multiple connections may be quite a change, but that should be a)
optional, b) acceptable anyways.

>> > which we'd otherwise be able to do without. Unfortunately, per priority
>> > TCP
>> > connections don't work well for large loadbalancers where each of these
>> > connections will likely be terminating at a different place. This would
>> > create a difficult synchronization problem server side, full of races
>> > and
>> > complexity, and likely quite a bit worse in complexity than getting flow
>> > control working well.
>>
>> I think you're saying that because of proxies it's difficult to ensure
>> per-priority TCP connections, but this is HTTP/2.0 we're talking
>> about.  We have the power to dictate that HTTP/2.0 proxies replicate
>> the client's per-priority TCP connection scheme.
>
> No, I'm saying that it is somewhere between difficult and impossible to
> ensure that separate connections from a client end up on one machine in the
> modern loadbalancer world.

I don't think it should be difficult, much less impossible, for
HTTP/_2.0_.  What you need for this is to identify flows so their
requests/responses can be grouped.  The main thing that comes to mind
is that the load balancer needs to understand Chunked PUTs/POSTs and
get them to go to the same end server -- surely this is handled
already in HTTP/1.1 load balancers.

> From a latency perspective, opening up the multiple connections can be a
> loss as well-- it increases server load for both CPU and memory and vastly
> increases the chance that you'll get a lost-packet on the SYN which takes
> far longer to recover from as it requires an RTO before RTT has likely been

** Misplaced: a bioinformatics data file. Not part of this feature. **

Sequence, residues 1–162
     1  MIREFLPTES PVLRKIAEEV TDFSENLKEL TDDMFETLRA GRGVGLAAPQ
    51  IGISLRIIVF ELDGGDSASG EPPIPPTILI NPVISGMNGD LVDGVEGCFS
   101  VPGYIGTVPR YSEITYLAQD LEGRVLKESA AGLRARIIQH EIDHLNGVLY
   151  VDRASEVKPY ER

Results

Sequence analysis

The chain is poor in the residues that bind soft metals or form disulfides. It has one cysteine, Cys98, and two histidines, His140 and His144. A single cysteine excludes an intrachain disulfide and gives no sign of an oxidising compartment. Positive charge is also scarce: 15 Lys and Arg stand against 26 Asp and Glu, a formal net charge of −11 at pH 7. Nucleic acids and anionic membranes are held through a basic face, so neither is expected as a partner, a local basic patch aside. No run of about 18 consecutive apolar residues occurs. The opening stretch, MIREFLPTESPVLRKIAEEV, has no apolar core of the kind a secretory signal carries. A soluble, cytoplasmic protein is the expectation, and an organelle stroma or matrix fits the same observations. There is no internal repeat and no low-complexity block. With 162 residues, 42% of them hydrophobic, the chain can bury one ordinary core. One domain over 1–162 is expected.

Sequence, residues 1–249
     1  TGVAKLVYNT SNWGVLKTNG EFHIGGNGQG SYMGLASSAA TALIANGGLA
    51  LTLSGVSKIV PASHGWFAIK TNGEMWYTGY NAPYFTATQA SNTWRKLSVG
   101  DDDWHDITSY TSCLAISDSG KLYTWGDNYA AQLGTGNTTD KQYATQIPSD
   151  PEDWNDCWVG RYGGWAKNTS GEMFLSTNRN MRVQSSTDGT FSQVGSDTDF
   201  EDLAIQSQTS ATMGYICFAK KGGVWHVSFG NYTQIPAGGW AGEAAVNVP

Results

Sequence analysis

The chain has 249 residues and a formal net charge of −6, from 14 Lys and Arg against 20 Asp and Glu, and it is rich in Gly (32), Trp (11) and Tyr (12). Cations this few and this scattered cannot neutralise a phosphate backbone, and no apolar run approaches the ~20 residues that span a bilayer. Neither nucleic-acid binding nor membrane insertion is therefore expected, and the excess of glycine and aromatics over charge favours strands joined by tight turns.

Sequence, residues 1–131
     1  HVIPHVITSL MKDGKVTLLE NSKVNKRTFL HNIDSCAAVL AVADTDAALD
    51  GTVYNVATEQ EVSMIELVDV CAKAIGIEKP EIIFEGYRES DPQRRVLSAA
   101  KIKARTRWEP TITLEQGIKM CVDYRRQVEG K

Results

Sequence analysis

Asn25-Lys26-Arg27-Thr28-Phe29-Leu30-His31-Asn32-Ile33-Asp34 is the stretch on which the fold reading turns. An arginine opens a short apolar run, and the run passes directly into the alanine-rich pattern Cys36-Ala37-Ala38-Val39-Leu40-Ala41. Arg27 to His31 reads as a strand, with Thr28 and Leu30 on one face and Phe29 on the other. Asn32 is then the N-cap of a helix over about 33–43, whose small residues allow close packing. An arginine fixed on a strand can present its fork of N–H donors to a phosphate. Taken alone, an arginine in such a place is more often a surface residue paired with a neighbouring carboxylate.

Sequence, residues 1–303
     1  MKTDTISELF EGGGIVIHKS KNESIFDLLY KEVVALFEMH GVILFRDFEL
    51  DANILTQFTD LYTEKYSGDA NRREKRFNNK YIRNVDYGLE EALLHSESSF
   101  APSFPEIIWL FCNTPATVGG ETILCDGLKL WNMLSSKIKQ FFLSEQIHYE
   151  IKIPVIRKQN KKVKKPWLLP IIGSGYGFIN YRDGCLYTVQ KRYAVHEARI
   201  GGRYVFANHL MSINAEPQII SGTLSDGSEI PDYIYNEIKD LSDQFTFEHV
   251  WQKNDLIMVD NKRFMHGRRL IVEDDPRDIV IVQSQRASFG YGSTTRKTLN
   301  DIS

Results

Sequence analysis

> computed.

Well, sure, but the sender could share one connection for multiple QoS
traffic types while the additional connections come up, and hope for
the best -- mostly it should work out.

>> > Note that the recommendation will be that flow control be effectively
>> > disabled unless you know what you're doing, and have a good reason
>> > (memory
>> > pressure) to use it.
>>
>> Huh?  Are you saying "we need and will specify flow control.  It won't
>> work.  Therefore we'll have it off by default."  How can that help?!
>> I don't see how it can.
>
> Everyone will be required to implement the flow control mechanism as a
> sender.
> Only those people who have effective memory limitations will require its use
> when receiving (since the receiver dictates policy for flow control).

So this is a source quench type flow control?  (As opposed to window
size type, as in SSHv2.)  But note that the issue isn't the need to
quench fast sources from slow sinks.  The issue is that by the time
you notice that you have a source/sink bandwidth mismatch it's too
late and TCP flow control has kicked in.  Of course, the receiver can
recover by quenching the sender and then reading and buffering
whatever's left on the wire, thus freeing up bandwidth on the wire for
other sources, but the cost is lots of buffer space on the receiver,
unless you can tell the sender to resend later and then you can throw
away instead of buffer.

Nico
--
Received on Wednesday, 13 February 2013 21:48:55 GMT